HATTIESBURG – As director of long-range economic development planning at the University Research Center of the Mississippi Institutions of Higher Learning,
Pete Walley didn’t need a doctorate in international studies, but he’s pursuing one anyway, in the first program of its kind in the world for working professionals.
“As director of the state’s long- range economic development planning effort, I am paid to research, analyze and report on issues and facts that may or will have a
significant impact on the state’s economic development,” Walley said. “The studies of international development have greatly broadened my readings and
understanding of the forces that are acting on the state’s economy.”
Walley is one of 24 students enrolled in the doctor of philosophy program in international development, an interdisciplinary program coordinated by the College of
International and Continuing Education at the University of Southern Mississippi.
“The logistical structure of the program combines the best of face-to-face discussion and distance learning,” Walley said. “Through the distance learning component, I
can literally interact with colleagues, professors and world-renowned professionals, all in the same session.”
Dr. Mark Miller, associate dean of USM’s College of International and Continuing Education, said university officials “sensed a demand” among professionals, many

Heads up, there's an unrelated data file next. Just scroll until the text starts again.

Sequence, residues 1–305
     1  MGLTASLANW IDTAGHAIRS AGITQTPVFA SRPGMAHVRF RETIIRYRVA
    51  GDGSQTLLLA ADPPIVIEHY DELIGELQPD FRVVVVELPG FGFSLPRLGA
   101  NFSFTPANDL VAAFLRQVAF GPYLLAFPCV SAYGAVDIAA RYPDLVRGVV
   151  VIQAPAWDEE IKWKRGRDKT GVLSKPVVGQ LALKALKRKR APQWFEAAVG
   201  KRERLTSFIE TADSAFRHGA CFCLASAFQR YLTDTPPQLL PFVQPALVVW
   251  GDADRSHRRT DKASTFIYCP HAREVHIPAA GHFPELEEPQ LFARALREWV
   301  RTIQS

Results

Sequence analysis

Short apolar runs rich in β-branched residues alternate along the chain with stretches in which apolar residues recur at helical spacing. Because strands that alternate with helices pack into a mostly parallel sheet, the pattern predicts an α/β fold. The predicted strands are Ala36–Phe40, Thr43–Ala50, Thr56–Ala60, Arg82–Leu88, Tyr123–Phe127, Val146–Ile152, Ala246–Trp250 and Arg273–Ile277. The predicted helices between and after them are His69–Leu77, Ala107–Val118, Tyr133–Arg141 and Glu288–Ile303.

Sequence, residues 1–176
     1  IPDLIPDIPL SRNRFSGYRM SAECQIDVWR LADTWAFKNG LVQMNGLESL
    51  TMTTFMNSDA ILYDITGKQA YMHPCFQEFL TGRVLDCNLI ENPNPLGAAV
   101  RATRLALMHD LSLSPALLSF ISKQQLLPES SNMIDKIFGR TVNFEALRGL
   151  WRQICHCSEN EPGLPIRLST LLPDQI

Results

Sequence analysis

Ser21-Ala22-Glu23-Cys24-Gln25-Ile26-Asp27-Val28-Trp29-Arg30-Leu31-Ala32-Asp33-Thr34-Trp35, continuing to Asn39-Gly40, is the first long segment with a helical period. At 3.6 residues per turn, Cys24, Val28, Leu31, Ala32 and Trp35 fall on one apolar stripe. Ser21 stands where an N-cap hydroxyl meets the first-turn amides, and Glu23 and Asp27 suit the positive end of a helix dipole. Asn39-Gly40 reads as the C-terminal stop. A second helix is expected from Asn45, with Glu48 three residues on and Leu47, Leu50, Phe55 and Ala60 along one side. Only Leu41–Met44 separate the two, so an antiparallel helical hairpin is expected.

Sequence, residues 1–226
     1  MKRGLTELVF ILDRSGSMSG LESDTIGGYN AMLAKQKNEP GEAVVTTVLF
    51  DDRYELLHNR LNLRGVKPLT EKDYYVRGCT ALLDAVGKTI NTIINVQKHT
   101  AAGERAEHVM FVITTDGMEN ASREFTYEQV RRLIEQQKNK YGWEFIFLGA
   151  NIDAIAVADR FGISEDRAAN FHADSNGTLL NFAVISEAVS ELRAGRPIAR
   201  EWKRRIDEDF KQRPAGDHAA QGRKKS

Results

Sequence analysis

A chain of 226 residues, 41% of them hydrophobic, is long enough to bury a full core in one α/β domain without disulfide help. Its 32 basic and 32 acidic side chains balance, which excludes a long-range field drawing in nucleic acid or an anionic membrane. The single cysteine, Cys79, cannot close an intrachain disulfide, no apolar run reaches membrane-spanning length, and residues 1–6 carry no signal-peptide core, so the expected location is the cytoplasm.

with master’s degrees who work in economic development, to pursue doctorates in international studies.
“Pete Walley is a great example,” Miller said. “He doesn’t need this. He’s doing it for personal satisfaction and intellectual curiosity. Other folks want to make their
career options more flexible, whether academics or consulting or to advance in their own position. For a variety of reasons, we saw a class of professionals who was
hungry for advanced research of this nature and didn’t have many opportunities to pursue it without leaving their other life behind.”
The program entered its second year this fall.
“We have to tweak the program constantly,” Miller said. “The biggest challenge for me has been to keep up with the students, who are so highly motivated.”
This fall, Dr. Mario Tello, a visiting professor from the Catholic University in Lima, Peru, joined the program as a one-year visiting professor to work exclusively in
international studies. As an experienced international economist with an extensive academic and global research and consulting background, Tello is working with a
dozen second-year students on a variety of research topics, which includes pricing and policy development, the impact of immigration on the economy and the role of
women in economic development.
Barbara Travis, an economic development consultant with MarketLynx Consulting in Flowood, said she searched for years for an academic program “to stretch my
professional horizons and give me credentials which extend beyond my career experiences.”
“This program offers me the opportunity to do those things, but also exposes me to a diversity of ideas and approaches to complex development problems,” Travis
said. “It is my desire to learn as much about the international perspective as possible as well as to contribute to the thought process.”
As a marketing and community development consultant, much of Travis’ work focuses on research for communities and economic development organizations “in their